Two different second-messenger pathways have been implicated in sweet taste transduction: sugars produce cyclic AMP (cAMP), whereas synthetic sweeteners stimulate production of inositol 1,4,5-tris-phosphate (IP3) and diacylglycerol (DAG). Both sugars and sweeteners depolarize taste cells by blocking the same resting K+conductance, but the intermediate steps in the transduction pathways have not been examined. In this study, the loose-patch recording technique was used to examine the role of protein kinases and other downstream regulatory proteins in the two sweet transduction pathways. Bursts of action currents were elicited from ∼35% of fungiform taste buds in response to sucrose (200 mM) or NC-00274–01 (NC-01, 200 μM), a synthetic sweetener. To determine whether protein kinase C (PKC) plays a role in sweet transduction, taste buds were stimulated with the PKC activator PDBu (10 μM). In all sweet-responsive taste buds tested (n = 11), PDBu elicited burst of action currents. In contrast, PDBu elicited responses in only 4 of 19 sweet-unresponsive taste buds. Inhibition of PKC by bisindolylmaleimide I (0.15 μM) resulted in inhibition of the NC-01 response by ∼75%, whereas the response to sucrose either increased or remained unchanged. These data suggest that activation of PKC is required for the transduction of synthetic sweeteners. To determine whether protein kinase A (PKA) is required for the transduction of sugars, sweet responses were examined in the presence of the membrane-permeant PKA inhibitor H-89 (10 and 19 μM). Surprisingly, H-89 did not decrease responses to either sucrose or NC-01. Instead, responses to both compounds were increased in the presence of the inhibitor. These data suggest that PKA is not required for the transduction of sugars, but may play a modulatory role in both pathways, such as adaptation of the response. We also examined whether Ca2+-calmodulin dependent cAMP phosphodiesterase (CaM-PDE) plays a role in sweet taste transduction, by examining responses to sucrose and synthetic sweeteners in the presence of the CaM-PDE inhibitor W-7 (100 μM). Inhibition resulted in an increase in the response to sucrose, whereas the response to NC-01 remained unchanged. These data suggest that the pathways for sugars and sweeteners are negatively coupled; the Ca2+ that is released from intracellular stores during stimulation with synthetic sweeteners may inhibit the response to sucrose by activation of CaM-PDE.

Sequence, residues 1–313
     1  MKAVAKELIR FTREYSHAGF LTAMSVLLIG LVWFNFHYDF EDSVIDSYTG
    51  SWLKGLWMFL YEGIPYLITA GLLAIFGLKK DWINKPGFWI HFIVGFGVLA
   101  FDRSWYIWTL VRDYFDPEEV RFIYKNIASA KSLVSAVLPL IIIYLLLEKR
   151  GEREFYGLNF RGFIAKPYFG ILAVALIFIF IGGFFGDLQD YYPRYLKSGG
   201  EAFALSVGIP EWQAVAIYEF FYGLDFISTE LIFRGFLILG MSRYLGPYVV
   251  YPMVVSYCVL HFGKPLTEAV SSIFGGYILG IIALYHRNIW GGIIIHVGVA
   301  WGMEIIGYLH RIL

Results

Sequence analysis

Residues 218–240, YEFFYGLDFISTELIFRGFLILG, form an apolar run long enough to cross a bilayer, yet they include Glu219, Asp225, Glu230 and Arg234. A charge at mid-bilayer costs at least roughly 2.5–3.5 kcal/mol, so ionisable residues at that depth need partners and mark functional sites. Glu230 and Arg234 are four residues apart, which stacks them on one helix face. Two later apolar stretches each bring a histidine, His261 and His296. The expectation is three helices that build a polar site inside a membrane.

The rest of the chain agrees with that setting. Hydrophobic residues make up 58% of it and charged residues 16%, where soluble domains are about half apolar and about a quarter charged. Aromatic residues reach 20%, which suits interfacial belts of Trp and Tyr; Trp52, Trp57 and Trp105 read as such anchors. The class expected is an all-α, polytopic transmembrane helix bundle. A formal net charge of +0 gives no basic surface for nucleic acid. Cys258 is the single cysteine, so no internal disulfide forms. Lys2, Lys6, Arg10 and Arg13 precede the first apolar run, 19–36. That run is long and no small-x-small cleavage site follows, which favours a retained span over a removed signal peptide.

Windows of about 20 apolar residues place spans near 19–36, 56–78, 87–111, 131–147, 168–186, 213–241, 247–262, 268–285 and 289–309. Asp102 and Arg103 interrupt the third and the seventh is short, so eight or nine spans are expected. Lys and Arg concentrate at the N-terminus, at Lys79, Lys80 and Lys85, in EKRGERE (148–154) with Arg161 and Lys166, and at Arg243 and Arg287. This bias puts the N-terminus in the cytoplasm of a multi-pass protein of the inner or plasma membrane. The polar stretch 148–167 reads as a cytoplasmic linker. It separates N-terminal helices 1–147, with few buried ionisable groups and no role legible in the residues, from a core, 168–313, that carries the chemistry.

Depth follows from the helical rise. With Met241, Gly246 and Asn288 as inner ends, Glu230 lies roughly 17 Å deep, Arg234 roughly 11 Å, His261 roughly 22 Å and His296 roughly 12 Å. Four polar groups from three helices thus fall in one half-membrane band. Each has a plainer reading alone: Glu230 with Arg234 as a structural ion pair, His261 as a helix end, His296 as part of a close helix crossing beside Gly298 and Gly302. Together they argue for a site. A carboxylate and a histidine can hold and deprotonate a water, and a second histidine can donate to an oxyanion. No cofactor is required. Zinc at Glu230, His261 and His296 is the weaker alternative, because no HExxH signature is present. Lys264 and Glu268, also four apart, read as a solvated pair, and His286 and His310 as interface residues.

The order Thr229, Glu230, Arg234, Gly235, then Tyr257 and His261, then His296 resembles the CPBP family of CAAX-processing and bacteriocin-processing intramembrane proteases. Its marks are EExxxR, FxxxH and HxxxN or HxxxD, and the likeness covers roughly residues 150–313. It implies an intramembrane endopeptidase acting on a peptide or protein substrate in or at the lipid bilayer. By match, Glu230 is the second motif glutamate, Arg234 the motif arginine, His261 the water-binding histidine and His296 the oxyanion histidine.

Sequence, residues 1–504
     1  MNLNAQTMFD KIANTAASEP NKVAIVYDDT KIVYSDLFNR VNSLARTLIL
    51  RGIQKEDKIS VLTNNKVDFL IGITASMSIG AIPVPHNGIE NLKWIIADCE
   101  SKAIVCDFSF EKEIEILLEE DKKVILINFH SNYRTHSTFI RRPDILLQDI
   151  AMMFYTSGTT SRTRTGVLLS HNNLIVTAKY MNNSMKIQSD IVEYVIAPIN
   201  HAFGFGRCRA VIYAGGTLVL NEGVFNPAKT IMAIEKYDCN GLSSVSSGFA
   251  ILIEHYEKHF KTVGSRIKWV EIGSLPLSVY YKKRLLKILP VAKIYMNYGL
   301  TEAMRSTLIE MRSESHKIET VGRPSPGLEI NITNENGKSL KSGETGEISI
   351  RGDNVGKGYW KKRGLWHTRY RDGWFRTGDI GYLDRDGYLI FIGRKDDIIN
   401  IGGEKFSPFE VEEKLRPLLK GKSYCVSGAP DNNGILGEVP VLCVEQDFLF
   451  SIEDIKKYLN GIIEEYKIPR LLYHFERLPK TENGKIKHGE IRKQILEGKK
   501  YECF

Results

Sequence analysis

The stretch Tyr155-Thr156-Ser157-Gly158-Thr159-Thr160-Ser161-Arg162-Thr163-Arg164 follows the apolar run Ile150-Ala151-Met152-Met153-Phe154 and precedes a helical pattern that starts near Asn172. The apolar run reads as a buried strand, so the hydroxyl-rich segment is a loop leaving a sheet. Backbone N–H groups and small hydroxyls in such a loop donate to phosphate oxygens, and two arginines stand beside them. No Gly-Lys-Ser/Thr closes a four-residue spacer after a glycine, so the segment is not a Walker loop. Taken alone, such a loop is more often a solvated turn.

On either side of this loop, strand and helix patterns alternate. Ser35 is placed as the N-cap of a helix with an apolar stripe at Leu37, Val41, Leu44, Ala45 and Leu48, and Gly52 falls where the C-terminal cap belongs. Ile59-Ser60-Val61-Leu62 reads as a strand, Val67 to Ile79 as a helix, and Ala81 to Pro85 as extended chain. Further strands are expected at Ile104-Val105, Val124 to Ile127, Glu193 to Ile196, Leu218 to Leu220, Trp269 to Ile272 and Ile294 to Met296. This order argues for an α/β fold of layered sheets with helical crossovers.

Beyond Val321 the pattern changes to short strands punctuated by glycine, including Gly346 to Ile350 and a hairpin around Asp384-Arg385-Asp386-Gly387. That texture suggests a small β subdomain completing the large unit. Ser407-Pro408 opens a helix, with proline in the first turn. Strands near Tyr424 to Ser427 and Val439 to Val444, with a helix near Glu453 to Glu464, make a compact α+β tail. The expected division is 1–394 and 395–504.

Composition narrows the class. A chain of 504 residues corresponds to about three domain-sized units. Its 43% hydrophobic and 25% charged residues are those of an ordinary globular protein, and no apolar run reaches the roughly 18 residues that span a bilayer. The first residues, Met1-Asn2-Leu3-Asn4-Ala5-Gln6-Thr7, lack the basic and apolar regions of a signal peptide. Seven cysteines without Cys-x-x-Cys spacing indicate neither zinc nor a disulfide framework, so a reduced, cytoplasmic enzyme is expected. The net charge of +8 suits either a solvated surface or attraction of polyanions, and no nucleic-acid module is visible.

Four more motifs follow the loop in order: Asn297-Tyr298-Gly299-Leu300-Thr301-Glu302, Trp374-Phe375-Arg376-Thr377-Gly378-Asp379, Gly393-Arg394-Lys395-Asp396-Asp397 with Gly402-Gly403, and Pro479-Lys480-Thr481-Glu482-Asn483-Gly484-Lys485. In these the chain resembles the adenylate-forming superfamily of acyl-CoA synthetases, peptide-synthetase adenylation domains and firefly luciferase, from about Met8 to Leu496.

Recent biochemical and electrophysiological studies have demonstrated that there are two intracellular pathways for sweet taste transduction: sugars stimulate an increase in the intracellular concentration of cyclic AMP (cAMP) (Bernhardt et al. 1996; Naim et al. 1991), whereas synthetic sweeteners and some amino acids stimulate the production of 1,4,5-inositol trisphosphate (IP3) and diacylglycerol (DAG) (Bernhardt et al. 1996;Uchida and Sato 1997). Several lines of evidence suggest that both second-messenger pathways are expressed in the same sweet-sensitive taste cells. Calcium-imaging studies have shown that the same taste cells respond to both sucrose and the synthetic sweetener SC-45647 (Bernhardt et al. 1996), and electrophysiological studies have shown that the same taste cells respond to both cAMP and synthetic sweeteners (Cummings et al. 1996; Tonosaki and Funakoshi 1988). Presumably, these second messengers are activated when sweet stimuli bind to G protein–coupled receptors on the taste cell membrane. Recently, a putative sweet taste receptor was cloned (Hoon et al. 1999), but the receptor has not been characterized functionally.
Synthetic sweeteners and cAMP depolarize taste cells by closing a resting K+ conductance, and these responses show cross adaptation (Cummings et al. 1996). Thus the cAMP and IP3/DAG second-messenger pathways appear to target the same K+ channels, but the mechanisms involved are not known. Taste cells have been shown to express both cyclic nucleotide–activated (Misaka et al. 1997) and cyclic nucleotide–suppressed (Kolesnikov and Margolskee 1995) ion channels, which suggests that nucleotides can interact directly with ion channels in taste cells. Yet, in studies of frog taste cells, K+ channels are closed by cAMP-dependant protein kinase (Avenet et al. 1988), suggesting that protein kinase A (PKA)–mediated phosphorylation of K+ channels can occur. For synthetic sweeteners, one consequence of elevating IP3 is release of Ca2+ from intracellular stores, which has been measured in rat taste buds (Bernhardt et al. 1996). An increase in intracellular Ca2+ coupled with the production of DAG has been shown in other systems to activate protein kinases, specifically protein kinase C (PKC). However, whether PKC activation is required for K+ channel closure in response to synthetic sweeteners is not known.